Saturday, August 5
Giancarlo Stanton elects to not run (or even jog) from second base to home plate on a single to right field and is thrown out at the plate on what would have given the Yankees a lead in a game they are facing Justin Verlander in. Boone defends Stanton not running on the play, calls him “healthy” and says, “It’s just him trying to preserve himself.” (Preserving himself for what? His ridiculously absurd offseason workout routines he posts on social media?)

Sunday, August 6
Trying to win their first series against a team not named the A’s or Royals since June 23-25, Rodon is torched for two home runs and five runs in 2 2/3 innings and then is forced to leave the game with a hamstring injury. It’s his fifth loss in six starts as a Yankee, having never completed six innings for the team so far.

4. This is just the last week of Yankees drama. In the two weeks prior to this timeline, the Yankees fired their hitting coach and hired Boone’s longtime, experience-less friend in his place; lost two of three to the last-place Rockies; got swept in Anaheim with Rodon blowing a kiss to heckling fans and announced Jose Trevino would undergo season-ending wrist surgery after having played since spring training with a wrist tear. And oh yeah, six days prior to the Trevino announcement, Boone said Trevino was OK physically aside from the usual bang-ups a catcher deals with during the season. Ah, the usual bang-ups like tearing your wrist in spring training and then posting a .570 OPS through mid-July before being shut down.

Every other major-league team plays a game each day and occasionally has an injury, trade or signing announcement. Not the Yankees. Each day of the Yankees season is full of lies, hidden injuries, misdiagnosed health problems, underachieving play, confrontations with fans and really just an overall negative shitstorm surrounding a lost season. And nearly half the days also include a loss on the field.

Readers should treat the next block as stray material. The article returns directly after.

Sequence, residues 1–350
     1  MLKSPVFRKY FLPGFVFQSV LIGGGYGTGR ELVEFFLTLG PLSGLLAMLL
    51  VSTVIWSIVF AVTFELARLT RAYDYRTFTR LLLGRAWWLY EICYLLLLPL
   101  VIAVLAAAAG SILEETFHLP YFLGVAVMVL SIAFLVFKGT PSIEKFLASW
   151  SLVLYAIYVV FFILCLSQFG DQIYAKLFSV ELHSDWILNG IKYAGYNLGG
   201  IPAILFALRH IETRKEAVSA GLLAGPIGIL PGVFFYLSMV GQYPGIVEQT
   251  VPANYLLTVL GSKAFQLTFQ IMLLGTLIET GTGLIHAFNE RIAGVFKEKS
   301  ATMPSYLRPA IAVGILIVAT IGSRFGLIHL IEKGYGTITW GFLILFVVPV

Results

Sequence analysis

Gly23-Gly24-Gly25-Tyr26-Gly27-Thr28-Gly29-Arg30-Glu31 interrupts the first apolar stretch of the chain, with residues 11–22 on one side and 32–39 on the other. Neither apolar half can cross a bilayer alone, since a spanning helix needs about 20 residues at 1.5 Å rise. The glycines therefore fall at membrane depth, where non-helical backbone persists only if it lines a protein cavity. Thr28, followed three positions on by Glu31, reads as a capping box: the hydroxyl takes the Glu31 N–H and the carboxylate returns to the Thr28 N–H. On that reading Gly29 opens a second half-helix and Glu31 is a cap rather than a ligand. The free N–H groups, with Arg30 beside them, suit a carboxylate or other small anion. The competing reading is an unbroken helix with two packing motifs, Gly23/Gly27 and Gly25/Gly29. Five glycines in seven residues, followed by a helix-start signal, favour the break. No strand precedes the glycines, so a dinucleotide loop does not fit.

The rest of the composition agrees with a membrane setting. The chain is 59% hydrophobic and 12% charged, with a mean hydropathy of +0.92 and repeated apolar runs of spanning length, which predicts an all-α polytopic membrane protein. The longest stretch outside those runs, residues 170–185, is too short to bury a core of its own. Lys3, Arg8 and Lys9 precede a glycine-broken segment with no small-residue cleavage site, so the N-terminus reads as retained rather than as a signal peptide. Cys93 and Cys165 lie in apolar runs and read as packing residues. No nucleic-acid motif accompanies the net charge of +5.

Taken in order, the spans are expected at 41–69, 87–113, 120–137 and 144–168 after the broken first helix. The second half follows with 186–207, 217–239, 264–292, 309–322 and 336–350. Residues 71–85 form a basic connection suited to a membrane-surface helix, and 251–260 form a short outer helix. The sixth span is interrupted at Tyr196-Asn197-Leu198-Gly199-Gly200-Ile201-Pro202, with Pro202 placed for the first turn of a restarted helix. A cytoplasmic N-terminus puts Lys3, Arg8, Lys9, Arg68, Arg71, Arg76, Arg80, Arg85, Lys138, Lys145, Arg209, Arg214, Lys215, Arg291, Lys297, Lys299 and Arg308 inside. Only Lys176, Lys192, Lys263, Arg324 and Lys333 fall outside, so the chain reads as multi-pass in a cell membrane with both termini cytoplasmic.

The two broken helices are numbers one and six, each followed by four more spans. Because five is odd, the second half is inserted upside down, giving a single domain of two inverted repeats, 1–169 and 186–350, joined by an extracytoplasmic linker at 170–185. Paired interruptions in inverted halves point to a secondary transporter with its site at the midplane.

5. The Rizzo situation is completely unsurprising. This is the same organization and medical staff that after 2019 couldn’t diagnose a broken rib and punctured lung in Judge for six months. The same organization Severino told he had forearm pain to in October 2019 and then nothing was done about it until he tore his UCL and needed Tommy John surgery in 2020 spring training. The same organization and medical staff who didn’t do an MRI on Severino in June 2019 when he was returning and then suffered a setback, for which Cashman said if the Yankees could do it all over again, they would have had Severino undergo an MRI. Misdiagnosing is what the Yankees are better at than any other team. They used to be better at winning any other team, but that hasn’t been the case for a while now, and doesn’t look like it will be the case for a while.